A good rain took care of that. I got my adventure video, and the organized trip went smoothly. Sometimes it works out like that.
Ochlockonee River Serenade
Our kayak had maybe moved 10 feet from the put in point when a man fishing under the old train bridge told us to “Hold on.” He ran and grabbed a guitar. After a little tuning, he belted out “The River,” a song about the Ochlockonee River.
That man is Gary Asbell, a Tallahassee attorney with south Georgia roots. He had just purchased a new Taylor guitar, and when he saw the camera he knew he had to try this song out on it. “The River is a song I had written for two friends with whom I used to camp on the Ochlockonee.” Gary wrote to me. “One of them, who was Bernie Gandy, founder and owner of Gandy Printers on South Monroe Street in Tallahassee, never heard the finished song. I actually played it in public for the first time in February 2007 at Bernie’s funeral.” His other friend, Danny Ouzts, requested that the song be played at his funeral as well. Gary did that in 2012.
I want to thank Gary for sharing and letting us use a song so personal to him, about a river that many of us enjoy.
Once we passed the old train bridge, we didn’t see many manmade structures, aside from a boat ramp or two. And, as Christine points out in the video, we pass Red Hills plantations with conservation easements along the river. It is, as she says, “Excellent.”
It’s a different story to the north. The Ochlockonee and many of the streams that feed it have been classified as impaired using the standards set forth in the Clean Water Act. The Georgia River Network has compiled a list of issues facing the river. Among those are 19 facilities permitted to dump wastewater into the river (as of 2008), and 1,213 agricultural users allowed to pump water from it (as of 2012). Up to 70% of the drainage basin in Georgia is planted with cotton, which is a water intensive crop.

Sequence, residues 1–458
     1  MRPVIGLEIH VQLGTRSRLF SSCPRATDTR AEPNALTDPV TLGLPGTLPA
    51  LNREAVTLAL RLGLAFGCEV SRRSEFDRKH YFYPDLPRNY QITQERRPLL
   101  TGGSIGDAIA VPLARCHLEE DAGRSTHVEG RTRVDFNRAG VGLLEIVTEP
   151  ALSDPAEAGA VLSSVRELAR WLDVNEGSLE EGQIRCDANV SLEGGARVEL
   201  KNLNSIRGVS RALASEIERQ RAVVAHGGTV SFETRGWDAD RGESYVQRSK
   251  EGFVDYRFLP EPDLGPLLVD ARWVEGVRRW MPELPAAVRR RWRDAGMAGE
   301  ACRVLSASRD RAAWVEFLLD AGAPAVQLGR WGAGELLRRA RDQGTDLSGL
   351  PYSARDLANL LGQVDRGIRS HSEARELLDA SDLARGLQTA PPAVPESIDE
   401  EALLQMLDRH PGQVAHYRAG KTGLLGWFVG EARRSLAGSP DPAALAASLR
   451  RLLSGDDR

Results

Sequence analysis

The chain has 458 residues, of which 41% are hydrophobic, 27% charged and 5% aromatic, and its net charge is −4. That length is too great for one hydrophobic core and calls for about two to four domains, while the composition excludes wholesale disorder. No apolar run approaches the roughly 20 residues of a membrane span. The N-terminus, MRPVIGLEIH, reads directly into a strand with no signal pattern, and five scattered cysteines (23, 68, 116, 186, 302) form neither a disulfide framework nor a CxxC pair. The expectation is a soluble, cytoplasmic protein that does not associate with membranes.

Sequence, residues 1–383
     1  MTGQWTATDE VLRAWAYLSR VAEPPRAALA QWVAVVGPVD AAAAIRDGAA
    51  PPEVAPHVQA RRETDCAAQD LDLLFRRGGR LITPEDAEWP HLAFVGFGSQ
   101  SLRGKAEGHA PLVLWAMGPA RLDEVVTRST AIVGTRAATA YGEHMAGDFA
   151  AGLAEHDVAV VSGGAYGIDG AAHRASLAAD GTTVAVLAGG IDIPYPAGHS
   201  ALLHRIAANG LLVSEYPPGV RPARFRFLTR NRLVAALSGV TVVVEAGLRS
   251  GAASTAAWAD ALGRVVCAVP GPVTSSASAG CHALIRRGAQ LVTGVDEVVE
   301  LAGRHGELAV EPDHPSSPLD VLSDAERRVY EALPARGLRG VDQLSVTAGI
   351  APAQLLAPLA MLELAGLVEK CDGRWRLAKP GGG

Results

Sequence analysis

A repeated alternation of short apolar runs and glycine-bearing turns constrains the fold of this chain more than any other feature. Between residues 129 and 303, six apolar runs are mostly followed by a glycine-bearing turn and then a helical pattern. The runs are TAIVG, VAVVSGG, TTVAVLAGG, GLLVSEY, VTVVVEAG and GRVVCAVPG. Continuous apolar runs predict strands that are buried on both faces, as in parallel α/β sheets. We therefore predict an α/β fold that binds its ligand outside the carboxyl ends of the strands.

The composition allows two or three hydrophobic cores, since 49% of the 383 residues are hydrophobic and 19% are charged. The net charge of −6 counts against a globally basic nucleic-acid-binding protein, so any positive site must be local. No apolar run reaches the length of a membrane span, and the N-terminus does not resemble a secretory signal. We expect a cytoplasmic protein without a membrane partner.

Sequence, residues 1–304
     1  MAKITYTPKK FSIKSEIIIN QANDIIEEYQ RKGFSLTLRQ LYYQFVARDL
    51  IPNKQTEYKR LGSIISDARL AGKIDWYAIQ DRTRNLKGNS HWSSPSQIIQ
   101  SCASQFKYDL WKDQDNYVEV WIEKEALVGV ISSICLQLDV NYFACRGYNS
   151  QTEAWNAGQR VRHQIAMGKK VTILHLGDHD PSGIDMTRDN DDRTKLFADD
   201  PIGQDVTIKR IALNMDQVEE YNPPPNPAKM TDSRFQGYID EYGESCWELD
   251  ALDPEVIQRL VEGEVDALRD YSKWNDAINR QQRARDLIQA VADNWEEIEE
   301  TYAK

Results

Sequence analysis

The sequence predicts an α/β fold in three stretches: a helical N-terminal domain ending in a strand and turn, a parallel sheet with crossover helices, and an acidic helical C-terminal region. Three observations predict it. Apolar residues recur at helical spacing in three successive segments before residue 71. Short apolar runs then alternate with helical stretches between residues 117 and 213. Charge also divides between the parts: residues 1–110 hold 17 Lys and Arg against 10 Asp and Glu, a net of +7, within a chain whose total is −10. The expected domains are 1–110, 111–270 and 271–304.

A linked document pertaining to the fish consumption recommended a limit of 1 serving per month of fish from the Ochlockonee, as well as three other neighboring watersheds in the south of Georgia (including the Suwannee). For the rest of the state, it recommends a limit of 1 serving a week.
You can read the EPA’s collected findings on the Ochlockonee in Georgia here.
Pollutants are carried along with the water as it flows in Florida. An analysis by McGlynn Labs of data collected from two Leon County monitoring stations shows higher concentrations in Chloride (“an indicator of sewage’), nitrogen, phosphorous, nitrates, and chlorophyll were considerably higher in the north river than in the south. Many of the pollutants seem to settle into Lake Talquin, behind the Jackson Bluff Dam, making the south river cleaner. The report also notes low water conditions, especially during cotton growing season (late summer/ early fall- which is when we took our trip).
For our next adventure, we’re south of the dam as the river makes its way through the Apalachicola National Forest. We’ll be looking for critters on the Ochlockonee Bio-Blitz.